Atlanta police slammed in Eagle raid investigations


Six factors led to the botched Eagle raid

• inadequate planning and training
• a failure in command staff oversight and involvement
• a breakdown in communication between the command staff and the officers
• potential prejudice and bias
• inappropriate decision-making by the command staff on the scene
• lack of effective coordination between the City Law Department and the Atlanta Police Department

Ray was at the Eagle when it was raided Sept. 10, 2009, and his business was a plaintiff in the federal lawsuit against the city that resulted in a $1.025 million settlement in December 2010.

As part of the settlement agreement, the Atlanta Police Department’s internal affairs unit and Greenberg Traurig, a high-profile law firm, released their investigations of the raid June 28 through Mayor Kasim Reed’s office.

Both investigations found deep negligence from the command staff and that numerous officers violated procedures, destroyed evidence and lied under oath. Multiple officers also violated the constitutional rights of the patrons in the bar the night of the raid by forcing them to the floor and searching them illegally. There was also no doubt anti-gay prejudice played a role in how the men were treated.

“Being one of the victims it was good to hear actually,” Ray said of the investigations’ findings.“But the tell-all sign will be at the end,” he said over the thumping music overhead. “You can only candy coat it so much. If [the officers] are fired then it will be a done deal and we will have gotten what we deserved.”

And if they aren’t fired?

“Then all of it was for nothing,” he said.

Mayor: Police actions were ‘terrible’

Mayor Reed told the GA Voice the reports by Greenberg Traurig and the APD’s Office of Professional Standards “shocked” him.

“My reaction [to the reports] is that this is terrible and I’m going to take whatever steps necessary to make sure this never happens in the city of Atlanta again,” Reed said in an interview July 5.

As he has done in the past, Reed pointed out that the raid on the Midtown gay bar happened in September 2009, before he was elected mayor. And while he said the city’s December 2010 settlement of the federal lawsuit filed by patrons of the bar could have been seen as an end to the APD scandal, he believed thorough investigations were necessary to get to the root of the problems.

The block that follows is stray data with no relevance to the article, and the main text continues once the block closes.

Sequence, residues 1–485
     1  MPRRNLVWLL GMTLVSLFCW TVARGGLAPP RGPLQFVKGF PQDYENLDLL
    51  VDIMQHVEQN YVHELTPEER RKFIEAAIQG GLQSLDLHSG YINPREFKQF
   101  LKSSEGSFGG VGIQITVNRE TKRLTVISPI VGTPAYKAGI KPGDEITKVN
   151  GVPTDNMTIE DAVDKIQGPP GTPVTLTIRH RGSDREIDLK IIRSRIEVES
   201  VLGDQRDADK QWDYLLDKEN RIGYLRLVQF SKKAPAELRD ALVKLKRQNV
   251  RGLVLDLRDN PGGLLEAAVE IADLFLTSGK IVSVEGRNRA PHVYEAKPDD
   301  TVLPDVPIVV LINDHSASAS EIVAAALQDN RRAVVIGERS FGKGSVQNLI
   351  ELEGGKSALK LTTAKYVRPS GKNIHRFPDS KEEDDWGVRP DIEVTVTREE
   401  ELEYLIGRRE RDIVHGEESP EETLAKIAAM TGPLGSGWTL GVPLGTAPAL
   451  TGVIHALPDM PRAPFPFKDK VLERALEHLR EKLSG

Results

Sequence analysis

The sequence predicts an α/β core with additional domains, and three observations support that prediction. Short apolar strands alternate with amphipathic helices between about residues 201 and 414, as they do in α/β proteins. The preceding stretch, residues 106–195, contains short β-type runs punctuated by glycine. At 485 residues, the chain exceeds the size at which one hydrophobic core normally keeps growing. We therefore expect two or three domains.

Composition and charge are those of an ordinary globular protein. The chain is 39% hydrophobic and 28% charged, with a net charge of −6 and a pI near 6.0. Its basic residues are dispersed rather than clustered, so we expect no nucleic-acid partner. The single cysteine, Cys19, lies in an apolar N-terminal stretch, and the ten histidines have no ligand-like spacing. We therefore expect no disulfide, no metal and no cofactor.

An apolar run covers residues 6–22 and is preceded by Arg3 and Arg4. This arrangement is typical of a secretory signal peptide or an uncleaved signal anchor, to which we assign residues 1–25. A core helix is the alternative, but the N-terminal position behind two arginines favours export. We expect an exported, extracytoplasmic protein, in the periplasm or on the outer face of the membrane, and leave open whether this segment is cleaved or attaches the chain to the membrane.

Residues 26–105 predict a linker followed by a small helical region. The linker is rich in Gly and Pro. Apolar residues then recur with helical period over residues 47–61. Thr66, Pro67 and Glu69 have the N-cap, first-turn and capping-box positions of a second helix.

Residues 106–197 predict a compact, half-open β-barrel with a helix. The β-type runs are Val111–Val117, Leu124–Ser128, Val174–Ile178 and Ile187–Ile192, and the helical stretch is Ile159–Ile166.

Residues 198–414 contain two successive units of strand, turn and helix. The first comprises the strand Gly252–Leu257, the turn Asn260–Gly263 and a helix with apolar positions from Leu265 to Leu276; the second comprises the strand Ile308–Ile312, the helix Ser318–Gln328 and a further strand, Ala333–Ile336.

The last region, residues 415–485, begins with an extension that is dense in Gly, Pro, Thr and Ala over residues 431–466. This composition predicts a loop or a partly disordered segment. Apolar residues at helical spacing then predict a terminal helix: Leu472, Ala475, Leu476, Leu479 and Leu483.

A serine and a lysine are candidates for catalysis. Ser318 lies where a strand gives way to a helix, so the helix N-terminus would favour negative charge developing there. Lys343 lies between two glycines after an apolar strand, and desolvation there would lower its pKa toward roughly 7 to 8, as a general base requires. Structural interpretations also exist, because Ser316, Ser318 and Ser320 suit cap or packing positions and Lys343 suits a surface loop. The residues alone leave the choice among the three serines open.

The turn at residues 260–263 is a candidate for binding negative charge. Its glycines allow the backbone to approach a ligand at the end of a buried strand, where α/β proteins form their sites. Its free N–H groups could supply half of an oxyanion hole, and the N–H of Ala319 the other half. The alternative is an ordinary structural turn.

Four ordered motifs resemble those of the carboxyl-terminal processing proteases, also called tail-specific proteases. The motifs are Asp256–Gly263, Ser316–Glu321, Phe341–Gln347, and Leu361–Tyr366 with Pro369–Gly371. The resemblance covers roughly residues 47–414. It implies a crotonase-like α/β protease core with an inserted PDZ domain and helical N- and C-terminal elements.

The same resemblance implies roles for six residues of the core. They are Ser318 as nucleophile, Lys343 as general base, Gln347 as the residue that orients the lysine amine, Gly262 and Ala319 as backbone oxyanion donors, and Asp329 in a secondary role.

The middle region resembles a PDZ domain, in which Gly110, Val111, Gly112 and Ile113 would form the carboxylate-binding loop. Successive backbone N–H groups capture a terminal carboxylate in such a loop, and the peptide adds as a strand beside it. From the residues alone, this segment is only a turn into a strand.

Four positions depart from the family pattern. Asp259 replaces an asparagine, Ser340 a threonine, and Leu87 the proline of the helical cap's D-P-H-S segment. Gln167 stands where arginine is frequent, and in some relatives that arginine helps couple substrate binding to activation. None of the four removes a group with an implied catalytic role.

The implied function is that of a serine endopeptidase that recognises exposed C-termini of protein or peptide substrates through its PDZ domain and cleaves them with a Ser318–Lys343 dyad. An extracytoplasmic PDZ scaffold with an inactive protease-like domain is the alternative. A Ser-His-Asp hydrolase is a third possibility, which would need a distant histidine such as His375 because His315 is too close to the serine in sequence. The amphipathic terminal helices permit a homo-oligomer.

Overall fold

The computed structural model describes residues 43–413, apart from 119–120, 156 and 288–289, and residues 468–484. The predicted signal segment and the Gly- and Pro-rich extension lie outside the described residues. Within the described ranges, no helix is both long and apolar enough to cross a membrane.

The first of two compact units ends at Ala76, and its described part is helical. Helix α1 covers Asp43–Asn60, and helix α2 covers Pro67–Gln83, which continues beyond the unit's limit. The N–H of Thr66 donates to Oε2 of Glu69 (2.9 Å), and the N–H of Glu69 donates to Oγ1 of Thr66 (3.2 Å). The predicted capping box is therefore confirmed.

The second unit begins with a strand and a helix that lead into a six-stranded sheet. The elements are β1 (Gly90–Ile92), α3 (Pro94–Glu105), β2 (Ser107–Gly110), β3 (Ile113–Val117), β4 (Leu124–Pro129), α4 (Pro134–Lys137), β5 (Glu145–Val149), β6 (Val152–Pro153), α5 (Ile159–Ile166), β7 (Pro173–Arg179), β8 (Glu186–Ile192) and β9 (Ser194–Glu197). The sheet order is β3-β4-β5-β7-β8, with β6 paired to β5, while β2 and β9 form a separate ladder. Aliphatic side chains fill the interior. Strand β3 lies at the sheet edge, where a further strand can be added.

“This happened before I was elected mayor. I’ve taken this extremely seriously. I began looking at this very quickly when I became mayor. I made the decision to settle after looking at details and going over the case on my own, being informed myself.

“As part of the settlement, I believe we needed to let the investigation and facts be known and be investigated thoroughly,” he said.

The investigations were mandated by the settlement.

Reed said he is still going through the more than 400 pages that make up the APD’s internal affairs investigation as well as the independent investigation by Greenberg Traurig. But he admitted shock at what he read so far.

“I think any normal person with ordinary sensitivities would have to have been shocked by this report. And I was certainly was shocked,” Reed said.

So far, APD Chief George Turner has put on administrative duty seven of 10 officers who were found to have lied about the raid under oath, as well as destroying evidence.

“We can’t have a city like ours that has a history of embracing and celebrating inclusion and have such an important group of our citizens under this kind of threat. And I’m not going allow it stand,” Reed said.

“As I’ve said repeatedly, I believe the LGBT community is a vital part of Atlanta and I think the community contributes greatly to what makes this city special and I’m not going to have a police department that does not understand how important this is to me,” Reed added.

The disciplinary actions taken against seven officers last week are just the beginning, Reed added. However, he said he could not comment on whether officers would be fired.

“I can’t comment on terminations because by ordinance there is a certain amount of separation between the Atlanta Police Department and myself. But what I do have the ability to do is make my feeling known including to my chief  [George Turner] that the success or failure in my administration will be judged by this situation,” he said.

The demotion of Major Debra Williams, who was a commander, to a lieutenant is harsh punishment, the mayor added.

“That is a severe demotion and has not been customary in the city of Atlanta. We are taking swift action. We are going to do more. It is a beginning, not an ending,” Reed said.